By Teresa Carson
PORTLAND, Ore., Nov 13 (Reuters) - Anti-Wall Street encampments in Portland were nearly empty on Sunday as protesters packed up and left after warnings by city officials that they would be evicted over the weekend.
Fewer than a dozen tents remained at two downtown parks where protesters have camped since early October as part of the nationwide "Occupy Wall Street" movement against alleged economic injustice.
City officials said they planned to put up fences around the two Portland parks to close them to protesters on Sunday afternoon.
"The parks are going to be closed to the public effective when the Portland Police Bureau feels that it can be done in a peaceful and successful way," Mayor Sam Adams said at a Sunday morning news conference.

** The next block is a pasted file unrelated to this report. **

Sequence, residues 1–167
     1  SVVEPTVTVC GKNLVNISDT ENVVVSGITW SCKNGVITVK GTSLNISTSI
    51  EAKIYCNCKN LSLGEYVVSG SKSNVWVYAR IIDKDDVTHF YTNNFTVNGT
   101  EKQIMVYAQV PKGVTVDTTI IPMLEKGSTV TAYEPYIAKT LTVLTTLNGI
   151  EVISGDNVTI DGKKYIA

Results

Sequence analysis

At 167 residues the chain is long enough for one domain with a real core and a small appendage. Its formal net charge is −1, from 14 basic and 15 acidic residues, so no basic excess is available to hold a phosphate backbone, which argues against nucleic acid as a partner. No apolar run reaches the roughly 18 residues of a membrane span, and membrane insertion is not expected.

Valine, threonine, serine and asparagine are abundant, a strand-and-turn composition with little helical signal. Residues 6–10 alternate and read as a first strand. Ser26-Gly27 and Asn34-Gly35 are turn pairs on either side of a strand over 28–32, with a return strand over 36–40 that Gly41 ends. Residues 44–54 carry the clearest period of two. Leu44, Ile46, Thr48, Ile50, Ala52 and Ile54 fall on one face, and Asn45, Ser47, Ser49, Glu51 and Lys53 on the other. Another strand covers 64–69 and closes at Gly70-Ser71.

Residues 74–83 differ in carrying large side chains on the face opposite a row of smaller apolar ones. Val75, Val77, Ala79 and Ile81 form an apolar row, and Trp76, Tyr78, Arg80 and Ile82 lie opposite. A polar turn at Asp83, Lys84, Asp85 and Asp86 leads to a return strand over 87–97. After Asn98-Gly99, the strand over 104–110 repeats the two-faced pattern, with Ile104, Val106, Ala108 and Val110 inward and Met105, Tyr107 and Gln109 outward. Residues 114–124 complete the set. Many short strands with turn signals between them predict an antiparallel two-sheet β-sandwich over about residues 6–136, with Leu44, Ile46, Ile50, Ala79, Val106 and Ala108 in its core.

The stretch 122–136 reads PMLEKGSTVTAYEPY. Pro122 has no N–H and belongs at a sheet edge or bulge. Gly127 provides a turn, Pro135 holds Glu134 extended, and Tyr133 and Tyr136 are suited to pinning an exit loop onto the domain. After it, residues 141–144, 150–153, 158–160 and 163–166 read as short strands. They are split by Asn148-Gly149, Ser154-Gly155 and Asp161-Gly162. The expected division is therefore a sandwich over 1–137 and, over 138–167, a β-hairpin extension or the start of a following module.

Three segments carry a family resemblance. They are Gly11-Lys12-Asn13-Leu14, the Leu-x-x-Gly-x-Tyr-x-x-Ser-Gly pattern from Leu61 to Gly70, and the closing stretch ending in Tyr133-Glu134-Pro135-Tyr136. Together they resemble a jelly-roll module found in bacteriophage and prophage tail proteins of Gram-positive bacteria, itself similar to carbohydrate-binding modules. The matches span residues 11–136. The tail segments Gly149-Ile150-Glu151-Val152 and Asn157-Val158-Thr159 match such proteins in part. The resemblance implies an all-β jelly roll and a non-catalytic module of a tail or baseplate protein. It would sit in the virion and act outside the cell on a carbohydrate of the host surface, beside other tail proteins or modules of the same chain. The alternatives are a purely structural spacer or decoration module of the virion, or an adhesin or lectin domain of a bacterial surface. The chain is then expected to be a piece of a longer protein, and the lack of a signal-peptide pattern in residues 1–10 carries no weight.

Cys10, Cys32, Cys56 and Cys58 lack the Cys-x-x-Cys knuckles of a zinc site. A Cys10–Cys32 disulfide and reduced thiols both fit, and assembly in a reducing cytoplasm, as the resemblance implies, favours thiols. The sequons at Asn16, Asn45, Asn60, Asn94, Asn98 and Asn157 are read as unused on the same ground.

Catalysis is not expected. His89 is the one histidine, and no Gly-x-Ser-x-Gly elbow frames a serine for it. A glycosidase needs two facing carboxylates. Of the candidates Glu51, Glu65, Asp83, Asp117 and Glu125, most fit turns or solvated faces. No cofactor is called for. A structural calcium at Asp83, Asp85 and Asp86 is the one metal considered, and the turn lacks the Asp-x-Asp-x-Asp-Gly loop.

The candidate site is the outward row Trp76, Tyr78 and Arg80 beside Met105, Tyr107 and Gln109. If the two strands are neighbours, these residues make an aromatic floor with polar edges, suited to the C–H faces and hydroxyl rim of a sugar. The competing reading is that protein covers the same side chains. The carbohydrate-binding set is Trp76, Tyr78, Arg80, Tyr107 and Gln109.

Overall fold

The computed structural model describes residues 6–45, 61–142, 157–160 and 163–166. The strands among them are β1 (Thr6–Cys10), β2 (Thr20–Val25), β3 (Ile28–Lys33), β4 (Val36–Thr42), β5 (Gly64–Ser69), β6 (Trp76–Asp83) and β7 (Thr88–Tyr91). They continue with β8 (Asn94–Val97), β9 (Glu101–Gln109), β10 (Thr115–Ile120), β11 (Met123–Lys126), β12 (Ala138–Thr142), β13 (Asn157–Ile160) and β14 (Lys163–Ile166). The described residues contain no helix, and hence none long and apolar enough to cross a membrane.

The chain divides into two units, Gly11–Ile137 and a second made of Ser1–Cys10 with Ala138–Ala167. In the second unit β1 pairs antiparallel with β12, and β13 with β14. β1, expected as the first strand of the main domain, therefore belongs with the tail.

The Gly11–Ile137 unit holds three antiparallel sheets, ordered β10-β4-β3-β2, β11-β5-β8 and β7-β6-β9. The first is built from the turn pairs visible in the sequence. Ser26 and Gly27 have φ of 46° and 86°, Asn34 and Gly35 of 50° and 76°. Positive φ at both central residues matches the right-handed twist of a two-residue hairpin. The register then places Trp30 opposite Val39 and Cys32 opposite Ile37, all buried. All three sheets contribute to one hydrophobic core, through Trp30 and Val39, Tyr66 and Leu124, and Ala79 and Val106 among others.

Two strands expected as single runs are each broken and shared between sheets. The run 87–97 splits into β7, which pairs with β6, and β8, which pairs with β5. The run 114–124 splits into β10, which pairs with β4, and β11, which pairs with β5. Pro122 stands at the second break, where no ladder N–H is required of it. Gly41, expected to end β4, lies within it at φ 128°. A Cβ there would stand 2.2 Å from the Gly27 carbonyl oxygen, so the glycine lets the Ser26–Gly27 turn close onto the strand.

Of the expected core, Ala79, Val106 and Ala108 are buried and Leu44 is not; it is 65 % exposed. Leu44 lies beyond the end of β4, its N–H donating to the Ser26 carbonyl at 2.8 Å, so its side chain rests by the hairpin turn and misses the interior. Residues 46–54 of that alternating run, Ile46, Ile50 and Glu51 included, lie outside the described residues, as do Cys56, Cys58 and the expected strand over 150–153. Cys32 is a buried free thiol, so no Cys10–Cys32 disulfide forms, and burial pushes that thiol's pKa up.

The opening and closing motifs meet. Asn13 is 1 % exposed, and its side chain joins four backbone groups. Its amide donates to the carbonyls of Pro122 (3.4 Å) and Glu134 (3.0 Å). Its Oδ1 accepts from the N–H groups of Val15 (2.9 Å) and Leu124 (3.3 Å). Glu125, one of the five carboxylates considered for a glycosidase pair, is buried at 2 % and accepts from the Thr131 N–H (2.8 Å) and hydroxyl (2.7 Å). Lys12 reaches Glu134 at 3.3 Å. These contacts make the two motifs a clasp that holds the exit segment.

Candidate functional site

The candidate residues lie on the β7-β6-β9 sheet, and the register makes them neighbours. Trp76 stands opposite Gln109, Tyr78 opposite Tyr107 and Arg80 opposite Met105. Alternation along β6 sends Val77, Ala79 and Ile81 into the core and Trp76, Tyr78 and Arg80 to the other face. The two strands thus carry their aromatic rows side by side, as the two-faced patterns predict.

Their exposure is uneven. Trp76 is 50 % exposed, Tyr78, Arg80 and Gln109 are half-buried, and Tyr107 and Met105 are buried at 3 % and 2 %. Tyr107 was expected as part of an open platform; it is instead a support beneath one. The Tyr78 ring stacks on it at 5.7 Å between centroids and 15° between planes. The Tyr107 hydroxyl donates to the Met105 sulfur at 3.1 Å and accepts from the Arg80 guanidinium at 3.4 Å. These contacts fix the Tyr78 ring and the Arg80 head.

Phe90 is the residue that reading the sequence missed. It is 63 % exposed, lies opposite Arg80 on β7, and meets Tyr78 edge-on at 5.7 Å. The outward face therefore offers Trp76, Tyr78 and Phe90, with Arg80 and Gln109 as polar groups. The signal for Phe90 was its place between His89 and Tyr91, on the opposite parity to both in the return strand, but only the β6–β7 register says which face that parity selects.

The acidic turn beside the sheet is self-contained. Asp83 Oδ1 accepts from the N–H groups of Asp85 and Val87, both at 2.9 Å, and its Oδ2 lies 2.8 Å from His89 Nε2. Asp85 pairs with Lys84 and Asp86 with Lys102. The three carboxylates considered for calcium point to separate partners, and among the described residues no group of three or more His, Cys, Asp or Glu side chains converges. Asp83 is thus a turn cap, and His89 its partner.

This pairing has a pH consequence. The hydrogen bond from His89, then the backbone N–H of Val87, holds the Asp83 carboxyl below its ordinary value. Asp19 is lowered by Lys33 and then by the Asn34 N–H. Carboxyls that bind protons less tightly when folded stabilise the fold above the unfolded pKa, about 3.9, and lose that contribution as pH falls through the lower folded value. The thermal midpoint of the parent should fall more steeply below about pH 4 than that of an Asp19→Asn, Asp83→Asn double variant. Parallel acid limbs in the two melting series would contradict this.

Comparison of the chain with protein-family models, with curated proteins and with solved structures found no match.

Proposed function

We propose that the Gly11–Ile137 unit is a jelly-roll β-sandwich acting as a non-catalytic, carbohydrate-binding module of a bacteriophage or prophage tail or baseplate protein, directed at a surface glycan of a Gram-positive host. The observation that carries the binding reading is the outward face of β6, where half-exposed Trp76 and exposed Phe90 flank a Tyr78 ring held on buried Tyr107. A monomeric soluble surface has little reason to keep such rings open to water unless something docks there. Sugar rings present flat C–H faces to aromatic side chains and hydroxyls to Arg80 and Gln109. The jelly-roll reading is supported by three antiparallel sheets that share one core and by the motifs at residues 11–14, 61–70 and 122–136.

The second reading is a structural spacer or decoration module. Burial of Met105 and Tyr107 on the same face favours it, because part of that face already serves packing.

The mayor had put the protesters on notice on Thursday that they would be evicted "on or after" 12:01 a.m. Sunday.
Since then, many protesters have taken down tents and removed their belongings.
The mood at the parks on Sunday was "peaceful and respectful" after some raucous marching overnight, said City Council member Nick Fish.
"It's almost like the fever broke last night," he said.
On Saturday night in Portland, some 2,000 people marched, chanted and listened to music and speeches at the protest sites.
The nationwide protest movement, which started in New York in September, has voiced opposition to what the demonstrators see as an unfair concentration of wealth in the United States. They object to corporate excesses and bailouts of major banks.
Officials in some cities have cited health and safety concerns in urging demonstrators to take down their camps, or as a reason for police to force the issue. (Editing by Ellen Wulfhorst and Jerry Norton)